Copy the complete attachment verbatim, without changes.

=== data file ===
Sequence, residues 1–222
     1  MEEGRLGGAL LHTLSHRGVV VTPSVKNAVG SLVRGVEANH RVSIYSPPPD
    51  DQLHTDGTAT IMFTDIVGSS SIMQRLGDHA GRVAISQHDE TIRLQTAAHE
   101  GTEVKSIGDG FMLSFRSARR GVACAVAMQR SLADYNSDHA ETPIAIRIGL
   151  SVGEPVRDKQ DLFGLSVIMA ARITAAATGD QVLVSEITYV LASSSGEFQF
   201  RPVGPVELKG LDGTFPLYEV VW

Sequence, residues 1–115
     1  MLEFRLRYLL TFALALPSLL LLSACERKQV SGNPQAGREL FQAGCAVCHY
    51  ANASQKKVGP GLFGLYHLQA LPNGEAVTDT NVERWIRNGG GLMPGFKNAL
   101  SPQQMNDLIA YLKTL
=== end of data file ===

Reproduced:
Sequence, residues 1–222
     1  MEEGRLGGAL LHTLSHRGVV VTPSVKNAVG SLVRGVEANH RVSIYSPPPD
    51  DQLHTDGTAT IMFTDIVGSS SIMQRLGDHA GRVAISQHDE TIRLQTAAHE
   101  GTEVKSIGDG FMLSFRSARR GVACAVAMQR SLADYNSDHA ETPIAIRIGL
   151  SVGEPVRDKQ DLFGLSVIMA ARITAAATGD QVLVSEITYV LASSSGEFQF
   201  RPVGPVELKG LDGTFPLYEV VW

Sequence, residues 1–115
     1  MLEFRLRYLL TFALALPSLL LLSACERKQV SGNPQAGREL FQAGCAVCHY
    51  ANASQKKVGP GLFGLYHLQA LPNGEAVTDT NVERWIRNGG GLMPGFKNAL
   101  SPQQMNDLIA YLKTL